Copper rose to a two-month high in New York on renewed speculation that demand will climb in China, the world's largest consumer of the metal.
Last week's news that China's economy grew by 11.9 per cent in the second quarter, the fastest pace in 12 years, is being seen as positive for all metals, but especially copper.
Friday's rise in official Chinese interest rates and cuts on savings taxes will not have a big impact immediately on economic activity, inflation, or demand for metals.
Imports of copper products and concentrates ran at record levels in the first six months of this year and have helped world prices rise 27 per cent so far.
China's surging demand has also helped stabilise the recent sharp fall in nickel prices and helped send lead and tin prices to record highs by exacerbating tight supply/demand situations in both metals.
Comex copper futures for September delivery rose 4.35 US cents to $US3.7055/lb on Friday after earlier touching $US3.725/lb, the highest since May 9.
In London, the LME cash settlement price on Friday hit $US8,120 a tonne. The three-month delivery price rose $US140 to $US8,110 a tonne. The metal rose to a record $US8,800 a tonne in May of 2006.
According to the International Copper Study Group, demand for the metal outstripped production by 265,000 tonnes in the four months through April as Chinese consumption jumped 38 per cent, which if you think about it is an incredible figure.
LME stocks fell 1,350 tonnes on Friday or 1.4 per cent, to 98,675 tonnes. Stockpiles have fallen 46 per cent this year after rising sharply in the second half of 2006 as Chinese consumers of metal and concentrates cut imports.
Also boosting copper prices is union unrest in Chile where contract workers at Chile's state-owned Codelco have been on strike since June 25, cutting production. The company says it will be able to resume operations at its El Salvador mine after the end of a four day stoppage last week.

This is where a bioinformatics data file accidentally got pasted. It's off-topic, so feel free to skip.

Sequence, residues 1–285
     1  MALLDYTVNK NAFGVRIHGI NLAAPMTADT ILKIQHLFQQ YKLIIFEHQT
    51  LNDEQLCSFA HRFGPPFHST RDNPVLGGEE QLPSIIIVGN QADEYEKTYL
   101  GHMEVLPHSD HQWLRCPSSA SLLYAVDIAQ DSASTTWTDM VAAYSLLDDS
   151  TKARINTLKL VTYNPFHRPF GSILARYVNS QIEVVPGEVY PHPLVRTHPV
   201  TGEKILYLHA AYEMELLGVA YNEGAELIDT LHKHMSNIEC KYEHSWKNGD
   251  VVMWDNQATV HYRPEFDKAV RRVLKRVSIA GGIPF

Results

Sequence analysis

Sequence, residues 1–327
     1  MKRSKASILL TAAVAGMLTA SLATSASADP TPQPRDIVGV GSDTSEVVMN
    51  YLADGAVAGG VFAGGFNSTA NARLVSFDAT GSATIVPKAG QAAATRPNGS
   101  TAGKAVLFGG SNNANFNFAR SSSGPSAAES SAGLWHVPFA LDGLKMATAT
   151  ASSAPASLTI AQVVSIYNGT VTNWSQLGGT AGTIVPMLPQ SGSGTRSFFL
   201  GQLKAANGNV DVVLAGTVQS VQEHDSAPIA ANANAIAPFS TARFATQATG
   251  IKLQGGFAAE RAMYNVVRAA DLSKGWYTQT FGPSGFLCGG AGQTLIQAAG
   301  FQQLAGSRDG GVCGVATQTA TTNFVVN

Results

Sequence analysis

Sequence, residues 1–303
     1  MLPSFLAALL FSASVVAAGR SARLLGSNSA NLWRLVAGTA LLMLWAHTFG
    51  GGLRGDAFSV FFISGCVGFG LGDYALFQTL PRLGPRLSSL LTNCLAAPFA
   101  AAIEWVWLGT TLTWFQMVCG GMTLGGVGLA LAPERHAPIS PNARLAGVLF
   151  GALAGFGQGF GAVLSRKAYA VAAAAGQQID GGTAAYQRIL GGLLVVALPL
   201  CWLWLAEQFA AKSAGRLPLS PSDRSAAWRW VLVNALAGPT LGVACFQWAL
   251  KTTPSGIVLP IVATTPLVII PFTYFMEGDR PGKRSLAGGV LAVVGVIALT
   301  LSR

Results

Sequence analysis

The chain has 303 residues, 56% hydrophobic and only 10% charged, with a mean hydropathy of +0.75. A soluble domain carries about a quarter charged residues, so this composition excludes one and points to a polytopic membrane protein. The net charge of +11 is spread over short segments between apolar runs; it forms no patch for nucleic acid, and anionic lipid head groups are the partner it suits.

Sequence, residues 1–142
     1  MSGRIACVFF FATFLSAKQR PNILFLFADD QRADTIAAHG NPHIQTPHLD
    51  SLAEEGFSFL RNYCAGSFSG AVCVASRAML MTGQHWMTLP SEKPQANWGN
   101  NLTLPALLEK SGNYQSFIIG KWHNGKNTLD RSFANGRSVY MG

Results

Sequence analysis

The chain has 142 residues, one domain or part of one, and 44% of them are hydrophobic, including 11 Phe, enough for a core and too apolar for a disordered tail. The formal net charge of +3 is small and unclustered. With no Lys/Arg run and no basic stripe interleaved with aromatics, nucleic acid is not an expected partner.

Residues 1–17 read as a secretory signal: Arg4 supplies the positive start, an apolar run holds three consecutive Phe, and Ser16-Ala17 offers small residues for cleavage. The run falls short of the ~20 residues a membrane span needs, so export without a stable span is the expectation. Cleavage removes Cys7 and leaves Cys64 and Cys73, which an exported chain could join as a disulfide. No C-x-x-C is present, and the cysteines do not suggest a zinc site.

Lead on Friday rose to a fresh all-time high of $US3,485 a tonne on the LME, up 110 per cent since January.
The metal rose of 15.2 per cent last week to close at $US3,429 a tonne.
Traders said hedge funds and other speculative money were pushing the lead market higher, helped by the continued cut in three per cent of world output from the Magellan mine in Western Australia and an explosion and fire at a US smelter on Friday.
Demand is booming in Asia because of the surging demand for car batteries in China and India.
Tin surged on Thursday to an all-time high of $US15,700 a tonne and gained 8.5 per cent on the week to close at $US15,400 a tonne. Supply problems in Indonesia, the world's largest tin exporter, are driving the price higher and making traders nervous.
A resumption of supplies, or a steadying of the supply situation could knock the price lower.
Aluminium rose 2.2 per cent on the week to settle at $US 2,854 a tonne, the highest price since late May.
Meanwhile, gold rose to a two-month high in New York and silver gained after the US dollar fell as the concern about subprime mortgage losses continued to impact market sentiment.
Comex gold for August delivery rose $US6.60 to $US684.70 an ounce after earlier reaching $US687.60, the highest level since May 9.
The metal rose 2.6 per cent last week, the third straight weekly gain and the most since early February: a sign of the growing worry about the subprime mortgage crisis.
September Silver for September delivery rose 2.8 UScents to $US13.403 an ounce. The metal rose 2.2 per cent last week and is up 3.6 per cent this year.
In London gold touched a 10-week high above $US684 an ounce as the dollar fell back. Silver hit a six-week peak and platinum touched its best level for two months.
On energy markets, oil ended the week little changed. In London, September Brent was down 17 cents on the week to $US77.40 a barrel after reaching an 11-month high of $US78.40 a barrel on Monday.
Nymex August West Texas Intermediate closed up $US1.55 on the week at $US75.57 a barrel.
Sugar ended at 10.30 USc a pound after trading a touch higher. Chicago wheat ended at $US6.1625/bushell, down 3.75USc.